This makes me more qualified to comment than most people talking about it, so here you go. ...
In a nutshell, there was a UFC fight tonight in Las Vegas and the main event was Nick Diaz and Carlos Condit. Diaz lost on what some consider a controversial referee's decision (I wouldn't know). He then did not go to the media event afterward and reportedly said he was quitting the UFC in protest. Whether he will actually do that or not, I also wouldn't know.
There have been a number of people criticizing Diaz for acting inappropriately after the fight by saying he was quitting, not going to the press conference. Well, I won't go so far to say YOU people are idiots, maybe you're not, I don't know you either, but what I DO know is what it is like to be an elite athlete.
Several years ago, Carlos Diaz (no relation to Nick, he is a judo referee from Venezuela and one of the very few judo referees I hold in high esteem) said about a somewhat similar situation with an athlete:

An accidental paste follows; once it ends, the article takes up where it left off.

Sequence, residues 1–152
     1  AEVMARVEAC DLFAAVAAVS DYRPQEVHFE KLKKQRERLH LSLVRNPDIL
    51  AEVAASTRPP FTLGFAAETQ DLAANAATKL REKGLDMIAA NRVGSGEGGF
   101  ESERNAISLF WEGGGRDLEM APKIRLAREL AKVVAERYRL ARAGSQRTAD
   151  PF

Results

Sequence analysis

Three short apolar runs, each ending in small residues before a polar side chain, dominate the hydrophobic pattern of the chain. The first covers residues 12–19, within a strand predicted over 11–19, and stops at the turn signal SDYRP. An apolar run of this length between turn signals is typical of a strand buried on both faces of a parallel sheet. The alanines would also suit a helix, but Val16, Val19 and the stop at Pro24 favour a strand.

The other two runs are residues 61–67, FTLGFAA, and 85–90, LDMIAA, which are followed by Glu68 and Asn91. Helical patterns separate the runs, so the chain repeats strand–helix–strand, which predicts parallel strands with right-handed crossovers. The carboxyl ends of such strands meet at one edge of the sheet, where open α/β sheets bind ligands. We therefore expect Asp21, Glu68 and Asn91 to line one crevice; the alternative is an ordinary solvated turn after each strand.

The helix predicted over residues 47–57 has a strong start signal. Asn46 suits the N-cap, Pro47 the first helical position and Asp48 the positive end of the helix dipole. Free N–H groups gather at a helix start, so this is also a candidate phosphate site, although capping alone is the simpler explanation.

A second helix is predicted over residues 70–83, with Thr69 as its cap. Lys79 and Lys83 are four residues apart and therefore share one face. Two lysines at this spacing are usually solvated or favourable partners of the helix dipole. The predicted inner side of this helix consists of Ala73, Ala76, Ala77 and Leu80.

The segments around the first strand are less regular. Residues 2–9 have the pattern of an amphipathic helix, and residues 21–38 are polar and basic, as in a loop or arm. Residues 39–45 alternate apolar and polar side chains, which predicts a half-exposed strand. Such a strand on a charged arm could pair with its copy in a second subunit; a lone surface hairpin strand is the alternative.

She is passionate about winning and she felt she had been wronged, so it is natural that she was emotional about it. We want athletes who care passionately about our sport. That is a good thing.
Anyone who makes it to the top of their sport cares deeply, passionately about winning. This is what we want to see in an athlete. When those athletes feel that they have been wronged, they are going to get emotional about it. That is understandable. Anyone who maintains a calm demeanor in that situation has got to have the personality of processed cheese.
Of course if you poured your heart into something and felt you got cheated you are going to be upset. Any person who doesn't feel that strongly about a sport - and about fairness - is not the kind of person who I would respect as an athlete.
As far as I know, Nick Diaz didn't punch a baby, go down to Mandalay Bay and pour poison into the Dolphin Pool or anything else mean or illegal. So, cut the guy a break.
If I were him, I would go out tonight surrounded by friends who would keep me out of trouble, drink more whiskey than I should and swear a lot. Then, after I got over the mother of all hangovers, I'd go back to training, because as another wise man once said;
At the end of the day, there's another day.